843563130193

Details

Format: Vinyl
Label: MICU
Rel. Date: 04/16/2021
UPC: 843563130193

Ep2/Big Day [Colored Vinyl]
Artist: Slow Pulp
Format: Vinyl
New: Available $16.98
Wish

Available Formats and Editions

DISC: 1

1. Brett Favre
2. Bundt Cakes
3. Die Alone
4. Husband Pillow
5. Houseboat
6. Preoccupied
7. Do You Feel It
8. New Media
9. High
10. Young World
11. Steel Birds
12. At Home

More Info:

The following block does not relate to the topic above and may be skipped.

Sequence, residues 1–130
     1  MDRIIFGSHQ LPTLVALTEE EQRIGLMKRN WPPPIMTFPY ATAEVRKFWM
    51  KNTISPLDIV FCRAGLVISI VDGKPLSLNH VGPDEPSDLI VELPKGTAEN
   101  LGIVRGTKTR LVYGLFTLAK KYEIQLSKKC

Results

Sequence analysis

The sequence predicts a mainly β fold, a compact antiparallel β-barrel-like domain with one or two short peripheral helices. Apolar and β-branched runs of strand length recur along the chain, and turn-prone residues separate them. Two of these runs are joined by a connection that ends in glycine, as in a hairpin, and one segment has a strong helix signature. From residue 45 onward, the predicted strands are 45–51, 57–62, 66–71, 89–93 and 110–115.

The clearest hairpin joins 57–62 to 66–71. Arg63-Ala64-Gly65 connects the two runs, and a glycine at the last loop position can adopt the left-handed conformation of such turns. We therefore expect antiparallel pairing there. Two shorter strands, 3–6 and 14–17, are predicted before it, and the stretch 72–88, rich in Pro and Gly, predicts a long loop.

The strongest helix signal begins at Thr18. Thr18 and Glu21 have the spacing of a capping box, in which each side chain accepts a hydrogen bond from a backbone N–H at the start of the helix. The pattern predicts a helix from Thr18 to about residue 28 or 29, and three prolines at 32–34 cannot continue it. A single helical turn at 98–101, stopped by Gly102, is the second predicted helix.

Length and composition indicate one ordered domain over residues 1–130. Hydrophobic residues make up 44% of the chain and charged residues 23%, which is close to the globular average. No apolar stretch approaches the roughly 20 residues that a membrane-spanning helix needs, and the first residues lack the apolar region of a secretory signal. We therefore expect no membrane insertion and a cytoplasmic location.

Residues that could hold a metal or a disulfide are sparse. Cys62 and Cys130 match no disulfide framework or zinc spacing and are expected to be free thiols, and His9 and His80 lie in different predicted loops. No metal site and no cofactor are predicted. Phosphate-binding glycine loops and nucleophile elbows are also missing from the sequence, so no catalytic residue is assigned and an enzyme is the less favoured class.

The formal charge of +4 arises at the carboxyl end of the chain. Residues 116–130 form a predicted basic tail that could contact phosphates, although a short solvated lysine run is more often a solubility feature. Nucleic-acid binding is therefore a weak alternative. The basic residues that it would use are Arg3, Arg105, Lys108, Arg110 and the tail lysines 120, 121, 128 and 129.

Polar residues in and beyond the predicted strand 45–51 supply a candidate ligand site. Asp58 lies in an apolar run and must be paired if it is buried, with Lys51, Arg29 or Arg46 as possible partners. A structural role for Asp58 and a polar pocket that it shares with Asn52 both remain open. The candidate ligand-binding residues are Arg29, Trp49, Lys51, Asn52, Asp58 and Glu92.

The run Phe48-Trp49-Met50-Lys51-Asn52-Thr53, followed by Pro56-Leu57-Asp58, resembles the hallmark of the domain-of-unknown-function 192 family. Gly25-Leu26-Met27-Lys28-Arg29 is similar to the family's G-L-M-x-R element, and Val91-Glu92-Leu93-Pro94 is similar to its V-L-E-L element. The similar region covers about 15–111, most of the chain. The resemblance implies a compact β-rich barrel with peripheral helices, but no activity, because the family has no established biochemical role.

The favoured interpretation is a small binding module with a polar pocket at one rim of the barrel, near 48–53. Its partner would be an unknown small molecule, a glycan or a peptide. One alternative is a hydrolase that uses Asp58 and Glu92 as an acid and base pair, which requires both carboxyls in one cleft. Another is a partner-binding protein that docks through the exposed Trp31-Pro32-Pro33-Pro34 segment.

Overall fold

Do you remember being small in a big confusing world? Do you remember feeling excitement for the first time or being cognizant of how clothes fell on your body for the first time? Not many people do, or most of us don't dare to think back on it. For shoegazey Madison rockers Slow Pulp, this is not the case. Teddy Mathews, Alex Leeds, and Henry Stoehr have known each other since they were kids. Stoehr can recall playing with Matthews in the ballpit at McDonalds when they were younger. Mathews recalls his first impression of Leeds as a "snowboard maniac" with a killer AIM username. Leeds retells coming over to Mathews' house for the first time in grade school: "When I came over and they had mattresses on the stairs, and they're sliding on the stairs on mattresses into a wall." They've grown through their young, reckless stages and have been making music all the while. They all laugh, refusing to tell me the many iterations they've gone through - although I do get to hear their first band name, PATH, each letter representing the member's first names. Their styles and monikers have changed over the years, evolving along with their musical abilities, even repurposing parts from songs they wrote when they were 12. It wasn't until Emily Massey's introduction to the group that Slow Pulp was fully complete. She gradually transitioned into the band, performing with Henry on the side for her high school band and then contributing guitar and backing vocals for the beta version of Slow Pulp. Eventually, the executive decision was made for her to be the lead singer. It only seemed logical. More recently they've released a few singles, and a couple years ago they put out EP2 - there was an EP1, but it was taken down since it didn't involve Massey. And even though Massey contributed vocals on EP2, it was mostly recorded before she joined the band. Thus, this week's new EP Big Day marks the true Slow Pulp's proper debut. Although from Wisconsin, the four-piece moved to Chicago together last September. They wrote and mostly recorded Big Day in a Michigan cabin in January, finishing it up about a month ago. Halfway through the process they realized that the small collection of tracks related to feeling some sensation for the first time. The epic opener "Do You Feel It" blossoms with anticipation; staggered and modest piano plucks evolve into a cyclical guitar romp with spirituous drum punches. It sounds like riding a bike for the first time without training wheels, slow and hesitant before sustaining balance and gaining speed, and later discovering how the gust of wind and speed against your cheeks make for the most freeing feeling.